Why is Server requesting "delete file"

Tom95134
Tom95134
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Topic 195393

I occasionally see messages in my message log that the Server has requested that a file (data file) be deleted. Is this just a clean up of files that I processed and, once credit is issued, the Server cleans up the leftovers on my system or, is this a deletion of files pending processing on my machine because results have been reported by another system and confirmed by a 2nd system?

Just curious because I don't see the same thing on SETI@home.

Thanks.
Tom

Gundolf Jahn
Gundolf Jahn
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Why is Server requesting "delete file"

Almost ;-)

Those are data files used for several (hopefully many) tasks of the same type (frequency range?). As soon as no more tasks of that type are available, the server requests the files to be deleted.

Actually, they aren't deleted before the last task using them has been finished. So, there can be some delay between request to delete and the deletion itself.

Gruß,
Gundolf

Computer sind nicht alles im Leben. (Kleiner Scherz)

Mike Hewson
Mike Hewson
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RE: I occasionally see

Quote:

I occasionally see messages in my message log that the Server has requested that a file (data file) be deleted. Is this just a clean up of files that I processed and, once credit is issued, the Server cleans up the leftovers on my system or, is this a deletion of files pending processing on my machine because results have been reported by another system and confirmed by a 2nd system?

Just curious because I don't see the same thing on SETI@home.


E@H uses a BOINC feature, not used ( to date ) by other projects, called locality scheduling. The thrust of the concept is to try to reduce overall bandwidth usage by avoiding unnecessary downloads. This is contributor friendly as bandwidth cost and availability varies widely worldwide, so we seek to be inclusive at the low end of capacity with this tactic. Scheduling is tuned to a per-machine basis ie. this is the 'locality' part of the phrase. Here's an apprentice baker's tour :

In essence you get given an unsliced loaf of bread ( data ), then a sequence of instructions in the workunits to slice it up, and one returns the slices as you go. Worldwide there are quite a number of distinct loaves about, a constantly varying pool as the project tasks are met. You'll be sharing workunits with other holders ( your wingmen ) of identical/cloned loaves. The wingman idea is to reduce the impact of instance errors by duplicating processing. A quorum is at least you and your wingman, but may be more for a given slice/task depending on how things go. [ We used to have minimum quorums of three and four when I first turned up, presumably experience has shown fewer is OK. ] Now when your BOINC client reports in with finished work and is requesting new work, there's a bit of a conversation along the lines of 'what have you got for me in terms of the particular loaf I already have?'. Here is the logical point at which bandwidth saving is mainly enacted. The scheduler will look at what still needs to be done to that specific loaf, and attempt to issue further work for you with what you already have on hand.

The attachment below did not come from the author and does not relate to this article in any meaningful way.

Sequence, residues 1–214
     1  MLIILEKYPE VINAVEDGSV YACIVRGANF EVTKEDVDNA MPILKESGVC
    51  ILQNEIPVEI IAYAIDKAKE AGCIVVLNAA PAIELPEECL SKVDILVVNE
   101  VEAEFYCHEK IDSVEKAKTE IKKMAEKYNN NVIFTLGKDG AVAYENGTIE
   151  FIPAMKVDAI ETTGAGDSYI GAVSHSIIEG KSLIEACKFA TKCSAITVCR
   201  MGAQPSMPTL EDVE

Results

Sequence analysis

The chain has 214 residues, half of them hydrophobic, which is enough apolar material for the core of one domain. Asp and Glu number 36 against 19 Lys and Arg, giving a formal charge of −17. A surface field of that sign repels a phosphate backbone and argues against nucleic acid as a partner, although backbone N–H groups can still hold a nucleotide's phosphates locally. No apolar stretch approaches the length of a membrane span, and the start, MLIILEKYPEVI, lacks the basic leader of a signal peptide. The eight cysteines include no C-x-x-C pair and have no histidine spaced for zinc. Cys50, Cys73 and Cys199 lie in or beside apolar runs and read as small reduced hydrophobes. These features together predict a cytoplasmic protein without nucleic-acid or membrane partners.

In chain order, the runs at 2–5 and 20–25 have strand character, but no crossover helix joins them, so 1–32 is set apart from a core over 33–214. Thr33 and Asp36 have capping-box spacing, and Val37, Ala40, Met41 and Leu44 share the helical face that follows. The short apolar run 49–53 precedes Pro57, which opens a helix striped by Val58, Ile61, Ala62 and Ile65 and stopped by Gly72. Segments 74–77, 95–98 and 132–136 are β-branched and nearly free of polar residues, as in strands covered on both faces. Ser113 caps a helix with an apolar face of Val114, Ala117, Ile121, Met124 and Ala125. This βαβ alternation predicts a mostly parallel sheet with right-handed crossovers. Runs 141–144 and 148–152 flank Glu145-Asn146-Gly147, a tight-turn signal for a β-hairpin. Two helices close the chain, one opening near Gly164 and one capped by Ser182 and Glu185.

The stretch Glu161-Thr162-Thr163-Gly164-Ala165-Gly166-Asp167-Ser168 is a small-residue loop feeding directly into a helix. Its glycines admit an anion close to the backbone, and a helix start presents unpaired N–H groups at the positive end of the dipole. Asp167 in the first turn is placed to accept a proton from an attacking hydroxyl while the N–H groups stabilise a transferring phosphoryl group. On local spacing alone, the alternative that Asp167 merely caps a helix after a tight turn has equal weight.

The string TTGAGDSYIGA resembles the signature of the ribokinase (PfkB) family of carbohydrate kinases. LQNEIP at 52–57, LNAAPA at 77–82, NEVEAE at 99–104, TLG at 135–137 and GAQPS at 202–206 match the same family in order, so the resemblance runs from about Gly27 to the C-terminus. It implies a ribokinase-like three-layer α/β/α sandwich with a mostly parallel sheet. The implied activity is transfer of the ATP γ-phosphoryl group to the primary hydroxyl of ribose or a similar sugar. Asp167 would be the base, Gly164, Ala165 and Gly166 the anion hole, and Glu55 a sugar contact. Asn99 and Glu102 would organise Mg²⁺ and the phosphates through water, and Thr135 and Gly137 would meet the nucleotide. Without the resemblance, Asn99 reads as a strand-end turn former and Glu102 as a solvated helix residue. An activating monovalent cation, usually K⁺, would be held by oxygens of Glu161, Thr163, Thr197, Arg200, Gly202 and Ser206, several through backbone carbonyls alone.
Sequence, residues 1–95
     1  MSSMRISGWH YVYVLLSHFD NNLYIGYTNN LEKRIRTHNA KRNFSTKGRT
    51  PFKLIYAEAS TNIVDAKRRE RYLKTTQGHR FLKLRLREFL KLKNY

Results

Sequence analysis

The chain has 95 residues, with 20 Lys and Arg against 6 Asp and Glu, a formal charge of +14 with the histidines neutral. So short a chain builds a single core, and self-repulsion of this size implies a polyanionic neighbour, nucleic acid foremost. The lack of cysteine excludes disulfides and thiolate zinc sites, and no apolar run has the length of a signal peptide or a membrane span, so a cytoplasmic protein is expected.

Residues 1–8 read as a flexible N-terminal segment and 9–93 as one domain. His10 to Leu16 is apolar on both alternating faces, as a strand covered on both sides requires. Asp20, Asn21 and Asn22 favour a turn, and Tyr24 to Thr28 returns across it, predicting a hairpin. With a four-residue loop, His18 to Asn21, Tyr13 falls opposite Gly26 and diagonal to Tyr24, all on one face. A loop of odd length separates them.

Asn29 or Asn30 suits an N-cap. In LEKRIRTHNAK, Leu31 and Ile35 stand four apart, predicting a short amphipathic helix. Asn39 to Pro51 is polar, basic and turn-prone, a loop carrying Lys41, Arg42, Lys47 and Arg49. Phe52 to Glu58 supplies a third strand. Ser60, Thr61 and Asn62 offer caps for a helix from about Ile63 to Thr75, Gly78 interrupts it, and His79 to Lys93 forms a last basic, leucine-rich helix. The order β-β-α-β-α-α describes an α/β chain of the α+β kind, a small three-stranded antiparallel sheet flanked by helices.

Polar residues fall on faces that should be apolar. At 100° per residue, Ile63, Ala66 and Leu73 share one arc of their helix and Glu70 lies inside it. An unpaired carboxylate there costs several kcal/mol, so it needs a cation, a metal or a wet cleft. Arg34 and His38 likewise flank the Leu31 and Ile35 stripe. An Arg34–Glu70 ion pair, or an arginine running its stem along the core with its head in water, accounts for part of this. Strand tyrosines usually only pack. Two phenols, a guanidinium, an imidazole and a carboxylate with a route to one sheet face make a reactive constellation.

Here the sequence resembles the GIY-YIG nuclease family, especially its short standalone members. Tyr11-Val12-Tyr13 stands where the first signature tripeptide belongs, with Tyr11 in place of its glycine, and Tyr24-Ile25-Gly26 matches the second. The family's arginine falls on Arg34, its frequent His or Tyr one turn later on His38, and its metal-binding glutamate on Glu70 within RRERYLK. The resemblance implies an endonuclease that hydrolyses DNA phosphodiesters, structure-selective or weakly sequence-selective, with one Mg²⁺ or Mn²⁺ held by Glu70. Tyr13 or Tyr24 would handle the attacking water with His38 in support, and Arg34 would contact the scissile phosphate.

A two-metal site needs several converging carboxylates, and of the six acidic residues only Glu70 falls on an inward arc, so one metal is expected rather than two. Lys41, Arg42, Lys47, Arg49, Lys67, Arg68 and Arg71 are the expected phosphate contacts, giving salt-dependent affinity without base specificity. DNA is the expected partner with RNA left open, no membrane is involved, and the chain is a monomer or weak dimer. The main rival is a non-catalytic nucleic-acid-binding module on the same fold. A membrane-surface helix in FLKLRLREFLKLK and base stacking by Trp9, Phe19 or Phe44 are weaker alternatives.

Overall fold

Eventually loaves get fully sliced and need replacing ..... as indicated the BOINC client sorts this out by itself, once told that a given loaf is no longer needed. Effectively the E@H scheduler is saying that it wont be expecting to you to have that loaf any more, because in it's view of the total project workflows that particular loaf has gone stale. :-)

Quite a clever system really, certainly a handy option in the BOINC framework, but not every project will either need or use this locality scheduling. Hat's off to whom-so-ever thought that up and implemented it! :-)

Cheers, Mike.

( edit ) Strictly speaking the language is that : a 'workunit' is a particular conceptual slice of bread from the one conceptual loaf within the project's data breadbin. However as the loaves are cloned to many machines, then thus sliced on each machine, that implies there exists clones of the slices too. Such clones are called 'tasks'. The scheduler looks at the reported/completed tasks at hand, and being it's job to keep track of what was sent to whom, it can thus answer the 'what to do next with what?' question. I suppose, in an perfect world with machine's matched for mojo etc, you'd only need to clone a loaf twice with these matched machines being wingmen for the entire loaf.

I have made this letter longer than usual because I lack the time to make it shorter. Blaise Pascal

DanNeely
DanNeely
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IIRC Locality scheduling was

IIRC Locality scheduling was developed by the E@H team itself.

Mike Hewson
Mike Hewson
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RE: IIRC Locality

Quote:
IIRC Locality scheduling was developed by the E@H team itself.


Thanks, I didn't know that! Makes sense, as to why they are so good at it then ... :-)

Cheers, Mike.

I have made this letter longer than usual because I lack the time to make it shorter. Blaise Pascal

Phil
Phil
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To put it another way, most

To put it another way, most projects send one or more data files to be worked on which are automatically deleted afterward. E@H flags the files sticky so they can be reused. When no longer required the server issues a delete command.

tullio
tullio
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On my 6 active BOINC

On my 6 active BOINC projects, Einstein takes more disk space (482 MB), then climateprediction.net (313 MB), QMC (162 MB). The others 3 from 7 to 4 MB each.
Tullio

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